# Klein-Gordon equation from its classical Hamiltonian

I don't have much experience in classical field theory and have been trying to study it for the past week. However, I don't know if my understanding of the equations of motion for the fields are correct. Specifically, the Hamiltonian of the Klein-Gordon field is given by: $$H[\pi,\phi] = \int\frac{1}{2} (\pi^2 + |\nabla \phi|^2+m^2\phi^2) \text{ } d^3x,$$ where $$\pi$$ is the conjugate momentum to the field. And we have the usual Hamiltonian equations:

\begin{align}\dot\pi &= -\frac{\delta H}{\delta \phi}\cr \dot\phi&= \frac{\delta H}{\delta \pi}.\end{align}

This seems pretty straight forward from here but the Hamiltonian is supposed to be a function of $$\phi$$ and $$\pi$$ but we also have terms that depend on the spatial derivatives of the fields. If my memory is accurate, I don't remember having this problem in classical mechanics. Should the spatial derivatives of the fields be treated as being dependent on the on the field itself?

If so, how do we compute the term $$\frac{\delta H}{\delta\phi}$$?

• Are you familiar with the standard trick of converting the variation of a derivative into a boundary term plus a higher derivative term? May 23, 2021 at 21:23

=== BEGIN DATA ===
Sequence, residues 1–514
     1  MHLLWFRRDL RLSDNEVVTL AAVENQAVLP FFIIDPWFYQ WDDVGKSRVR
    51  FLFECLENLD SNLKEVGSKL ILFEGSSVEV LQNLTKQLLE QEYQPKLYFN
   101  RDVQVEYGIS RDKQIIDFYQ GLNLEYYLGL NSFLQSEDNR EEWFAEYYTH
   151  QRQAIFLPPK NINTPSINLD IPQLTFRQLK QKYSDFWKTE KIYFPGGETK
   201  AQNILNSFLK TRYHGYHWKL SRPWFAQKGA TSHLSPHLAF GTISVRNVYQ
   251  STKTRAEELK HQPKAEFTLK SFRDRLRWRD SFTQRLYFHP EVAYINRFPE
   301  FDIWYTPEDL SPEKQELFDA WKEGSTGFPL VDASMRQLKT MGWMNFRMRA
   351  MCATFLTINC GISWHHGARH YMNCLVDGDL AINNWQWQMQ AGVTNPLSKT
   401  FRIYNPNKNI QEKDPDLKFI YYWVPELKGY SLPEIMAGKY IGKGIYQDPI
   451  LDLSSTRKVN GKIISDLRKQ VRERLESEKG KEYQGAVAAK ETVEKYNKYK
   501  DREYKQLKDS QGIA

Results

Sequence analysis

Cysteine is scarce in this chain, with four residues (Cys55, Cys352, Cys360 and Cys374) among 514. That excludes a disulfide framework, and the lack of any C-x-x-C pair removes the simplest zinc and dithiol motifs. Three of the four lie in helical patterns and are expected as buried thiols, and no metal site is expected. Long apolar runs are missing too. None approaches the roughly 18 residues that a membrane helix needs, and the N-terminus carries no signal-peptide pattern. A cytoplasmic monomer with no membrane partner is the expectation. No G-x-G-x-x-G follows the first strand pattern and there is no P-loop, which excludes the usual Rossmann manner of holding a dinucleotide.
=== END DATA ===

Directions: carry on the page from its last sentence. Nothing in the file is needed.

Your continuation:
• No, I am not familiar with that. May 23, 2021 at 21:32

Assuming real fields (the complexification is an easy exercise), @Chandrahas's point is that$$\int\tfrac12\nabla\phi\nabla\phi d^3x=-\int\tfrac12\phi\nabla^2\phi d^3x$$up to a boundary term. This is the $$3$$-dimensional equivalent of how we use $$4$$-dimensional integration by parts in Lagrangian field theory, when deriving an Euler-Lagrange equation from the stationary action principle. So$$-\dot{\pi}=\frac{\delta H}{\delta\phi}=m^2\phi-\nabla^2\phi.$$As a sanity check, substituting $$\pi=\dot{\phi}$$ gives us the usual second-order equation expected from the Lagrangian approach, viz.$$\nabla^2\phi-\ddot{\phi}=m^2\phi.$$
What you have appearing in the equations of motion is a variational derivative. That is, the change of the functional $$H[\phi,\pi]$$ with respect to a variation of $$\phi$$ at some point $$x^i_0$$. Skipping the mathematical details, you can compute the variational details by the following trick $$\dot{\pi}(x^i_0) = -\frac{\delta H}{\delta \phi(x^i_0)} \equiv \left(\frac{\partial}{\partial \epsilon} H[\phi+\epsilon \delta_{x_0},\pi]\right)\Big|_{\epsilon=0}$$ where $$\delta_{x_0} = \delta^{(3)}(x^i - x^i_0)$$ is the delta function at $$x^i_0$$. Of course, sometimes you may have to deal with the derivatives of the delta function in there. When $$H$$ is just a volume integral of a Hamiltonian density dependent only on first-order derivatives $$\mathcal{H}(\phi,\partial_i \phi, \pi,...)$$, then the variational derivative will have a form that you may recognize as very much analogous to Lagrangian field theory.